For once this week’s round up of airport related news is focusing entirely on one country on the island of Great Britain. With Qantas’ ongoing strike woes continuing in Australia and Spain’s decision in delaying its airport privatization, to just name two examples, other regions certainly weren’t absent from news headlines around the world, yet it was England that caught our full attention this week.
To open our English news medley, we need to briefly look back at last week’s news. It was then when we informed you about a new idea the Financial Times broke about a radical plan for a new “Heath-Wick” airport hub featuring a £5bn high-speed rail link between Heathrow (IATA: LHR; LD hub page) and Gatwick (IATA: LGW; LD reviewed). A few hours after we posted the news, the head of one of the world’s largest airline groups and owners of British Airways, Willie Walsh, was quick to dismiss plans for this new super-airport for lacking credibility. The Telegraph article quotes Mr. Walsh by writing “I don’t know how long it would take to develop, I don’t know how much it would cost. It would clearly be significantly greater than the previous options that have been rejected [referring to Heathrow’s failed 3rd runway proposal]. I struggle to see how it would be funded.”
Both of the previously mentioned British airports made subsequent news stories later in the week. First up was Gatwick Airport (IATA: LGW; LD reviewed) which on Tuesday announced the launch of its new South Terminal Security area that will see passengers benefitting from a fast, smart and efficient security experience. According to the airport’s press release the system will be processing every passenger in under five minutes and 19 new security lanes will allow almost 5,000 people per hour to pass straight through into the departure lounge. The result of a £45 million investment, this large, high-tech security area for the South Terminal will include 15 standard lanes for passengers, two dedicated lanes for families with young children and passengers with reduced mobility, and two lanes for premium travellers.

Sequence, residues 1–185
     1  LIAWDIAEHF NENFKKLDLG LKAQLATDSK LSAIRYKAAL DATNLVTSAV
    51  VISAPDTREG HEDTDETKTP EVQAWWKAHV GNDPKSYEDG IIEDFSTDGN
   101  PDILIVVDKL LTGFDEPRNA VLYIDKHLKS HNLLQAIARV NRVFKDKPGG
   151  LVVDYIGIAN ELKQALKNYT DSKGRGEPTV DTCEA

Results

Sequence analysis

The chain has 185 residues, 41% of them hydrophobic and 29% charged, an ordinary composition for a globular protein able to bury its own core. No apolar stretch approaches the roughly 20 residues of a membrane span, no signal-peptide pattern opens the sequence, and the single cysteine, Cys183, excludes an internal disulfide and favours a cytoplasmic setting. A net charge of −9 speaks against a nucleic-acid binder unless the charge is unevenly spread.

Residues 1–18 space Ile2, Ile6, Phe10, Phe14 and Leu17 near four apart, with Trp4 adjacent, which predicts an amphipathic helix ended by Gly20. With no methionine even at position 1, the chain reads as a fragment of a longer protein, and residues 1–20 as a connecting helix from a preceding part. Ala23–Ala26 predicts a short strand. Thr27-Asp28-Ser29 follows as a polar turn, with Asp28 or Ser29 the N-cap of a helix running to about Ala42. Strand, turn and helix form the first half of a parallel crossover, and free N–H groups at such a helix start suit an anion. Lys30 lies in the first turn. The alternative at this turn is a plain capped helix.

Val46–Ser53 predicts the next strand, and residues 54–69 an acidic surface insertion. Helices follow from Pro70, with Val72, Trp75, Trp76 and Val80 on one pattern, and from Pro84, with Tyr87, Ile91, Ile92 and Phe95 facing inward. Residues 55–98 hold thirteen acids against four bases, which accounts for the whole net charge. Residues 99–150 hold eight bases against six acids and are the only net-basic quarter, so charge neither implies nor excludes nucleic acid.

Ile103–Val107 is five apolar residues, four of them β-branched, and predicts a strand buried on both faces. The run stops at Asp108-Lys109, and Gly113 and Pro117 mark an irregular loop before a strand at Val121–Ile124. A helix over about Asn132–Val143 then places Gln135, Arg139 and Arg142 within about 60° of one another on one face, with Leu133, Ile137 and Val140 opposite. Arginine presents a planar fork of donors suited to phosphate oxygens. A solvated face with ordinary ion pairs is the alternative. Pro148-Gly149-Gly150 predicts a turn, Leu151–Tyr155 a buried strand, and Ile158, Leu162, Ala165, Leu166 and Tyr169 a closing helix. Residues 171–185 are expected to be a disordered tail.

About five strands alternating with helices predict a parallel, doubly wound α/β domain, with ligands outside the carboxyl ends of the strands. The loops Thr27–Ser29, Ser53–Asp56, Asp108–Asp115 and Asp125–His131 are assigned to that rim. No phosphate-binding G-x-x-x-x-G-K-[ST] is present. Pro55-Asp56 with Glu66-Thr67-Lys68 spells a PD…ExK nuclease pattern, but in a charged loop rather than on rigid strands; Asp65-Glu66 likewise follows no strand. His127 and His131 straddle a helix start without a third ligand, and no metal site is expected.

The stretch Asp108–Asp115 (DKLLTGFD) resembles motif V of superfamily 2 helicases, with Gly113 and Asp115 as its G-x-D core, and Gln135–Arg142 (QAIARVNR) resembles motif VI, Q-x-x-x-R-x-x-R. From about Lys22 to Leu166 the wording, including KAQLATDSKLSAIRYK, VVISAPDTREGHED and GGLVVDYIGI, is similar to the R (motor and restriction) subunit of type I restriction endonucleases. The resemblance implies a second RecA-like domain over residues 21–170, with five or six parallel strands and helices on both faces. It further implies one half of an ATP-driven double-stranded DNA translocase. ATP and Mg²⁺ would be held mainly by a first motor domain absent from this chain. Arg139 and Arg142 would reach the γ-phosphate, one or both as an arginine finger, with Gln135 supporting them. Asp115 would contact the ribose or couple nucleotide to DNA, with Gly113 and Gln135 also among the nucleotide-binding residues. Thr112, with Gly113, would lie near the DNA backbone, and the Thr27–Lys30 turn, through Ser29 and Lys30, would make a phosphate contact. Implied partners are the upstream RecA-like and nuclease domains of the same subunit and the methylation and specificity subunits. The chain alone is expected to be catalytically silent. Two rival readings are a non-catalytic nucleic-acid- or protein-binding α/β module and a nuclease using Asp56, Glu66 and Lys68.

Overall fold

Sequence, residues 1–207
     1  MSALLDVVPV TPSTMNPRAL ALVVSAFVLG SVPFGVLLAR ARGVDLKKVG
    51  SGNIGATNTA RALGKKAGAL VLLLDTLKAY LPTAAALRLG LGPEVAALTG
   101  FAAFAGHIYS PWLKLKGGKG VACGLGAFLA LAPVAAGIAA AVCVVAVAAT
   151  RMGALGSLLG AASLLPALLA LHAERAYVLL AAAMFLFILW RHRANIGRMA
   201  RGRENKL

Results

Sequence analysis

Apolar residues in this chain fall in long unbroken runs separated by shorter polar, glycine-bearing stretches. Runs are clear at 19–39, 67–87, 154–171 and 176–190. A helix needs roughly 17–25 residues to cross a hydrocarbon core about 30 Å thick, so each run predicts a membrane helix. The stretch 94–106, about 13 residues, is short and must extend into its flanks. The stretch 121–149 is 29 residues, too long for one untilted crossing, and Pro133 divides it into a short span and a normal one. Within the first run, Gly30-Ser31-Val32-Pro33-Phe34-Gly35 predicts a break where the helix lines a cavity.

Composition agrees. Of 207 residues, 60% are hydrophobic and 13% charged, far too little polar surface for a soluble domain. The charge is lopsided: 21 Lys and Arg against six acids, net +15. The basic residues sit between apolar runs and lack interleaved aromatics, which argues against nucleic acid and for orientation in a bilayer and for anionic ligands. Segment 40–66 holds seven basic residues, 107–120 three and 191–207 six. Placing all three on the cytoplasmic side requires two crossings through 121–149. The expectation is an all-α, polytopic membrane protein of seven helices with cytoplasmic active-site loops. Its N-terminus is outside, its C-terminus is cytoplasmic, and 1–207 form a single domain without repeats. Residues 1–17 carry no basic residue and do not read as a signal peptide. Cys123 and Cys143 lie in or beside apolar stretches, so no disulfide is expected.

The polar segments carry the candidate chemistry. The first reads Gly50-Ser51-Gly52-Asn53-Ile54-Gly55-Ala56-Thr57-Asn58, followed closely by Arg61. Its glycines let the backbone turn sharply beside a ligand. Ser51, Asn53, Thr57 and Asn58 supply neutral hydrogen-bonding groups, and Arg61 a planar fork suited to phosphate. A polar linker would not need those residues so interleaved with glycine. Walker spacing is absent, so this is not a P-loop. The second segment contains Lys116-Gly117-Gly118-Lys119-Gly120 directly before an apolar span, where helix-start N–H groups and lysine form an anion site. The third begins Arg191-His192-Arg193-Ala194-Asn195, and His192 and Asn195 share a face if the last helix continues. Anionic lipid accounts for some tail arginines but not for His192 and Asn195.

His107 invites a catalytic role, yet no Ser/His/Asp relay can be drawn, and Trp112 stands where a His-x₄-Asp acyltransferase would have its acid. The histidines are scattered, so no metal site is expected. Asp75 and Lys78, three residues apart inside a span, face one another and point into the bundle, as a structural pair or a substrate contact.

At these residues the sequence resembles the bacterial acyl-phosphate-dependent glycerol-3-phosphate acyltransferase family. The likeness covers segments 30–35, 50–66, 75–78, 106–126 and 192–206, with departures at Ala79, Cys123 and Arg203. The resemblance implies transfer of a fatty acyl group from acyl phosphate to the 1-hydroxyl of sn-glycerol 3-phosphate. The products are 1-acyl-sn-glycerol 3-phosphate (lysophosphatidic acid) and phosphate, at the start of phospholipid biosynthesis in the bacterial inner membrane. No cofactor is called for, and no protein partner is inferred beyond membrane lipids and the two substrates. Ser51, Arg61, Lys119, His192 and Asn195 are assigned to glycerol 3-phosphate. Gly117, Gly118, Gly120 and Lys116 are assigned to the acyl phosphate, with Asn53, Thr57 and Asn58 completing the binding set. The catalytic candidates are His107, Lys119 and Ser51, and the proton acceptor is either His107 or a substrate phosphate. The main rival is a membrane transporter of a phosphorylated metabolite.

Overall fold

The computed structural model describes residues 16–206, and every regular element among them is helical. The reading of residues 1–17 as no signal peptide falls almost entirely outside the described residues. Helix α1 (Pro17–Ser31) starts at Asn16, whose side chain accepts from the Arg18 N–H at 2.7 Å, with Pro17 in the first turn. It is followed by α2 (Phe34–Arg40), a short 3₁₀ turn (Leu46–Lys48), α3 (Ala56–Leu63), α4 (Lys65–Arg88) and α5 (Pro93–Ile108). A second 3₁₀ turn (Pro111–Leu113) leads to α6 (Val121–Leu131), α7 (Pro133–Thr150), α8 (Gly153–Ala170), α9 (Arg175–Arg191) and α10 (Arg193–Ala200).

On Saturday rival Heathrow Airport (IATA: LHR; LD hub page) announced it will create a special terminal for Olympic athletes and coaches to fly out of Britain after the end of the games. The Washington Post wrote that around 10,000 athletes and support staff will go through the “Special Games Terminal” in the three days after the closing ceremony on Aug. 12, 2012. The temporary terminal will only be used by Olympic athletes and their staff but is designed to minimize disruption for all passengers traveling through Heathrow at that time.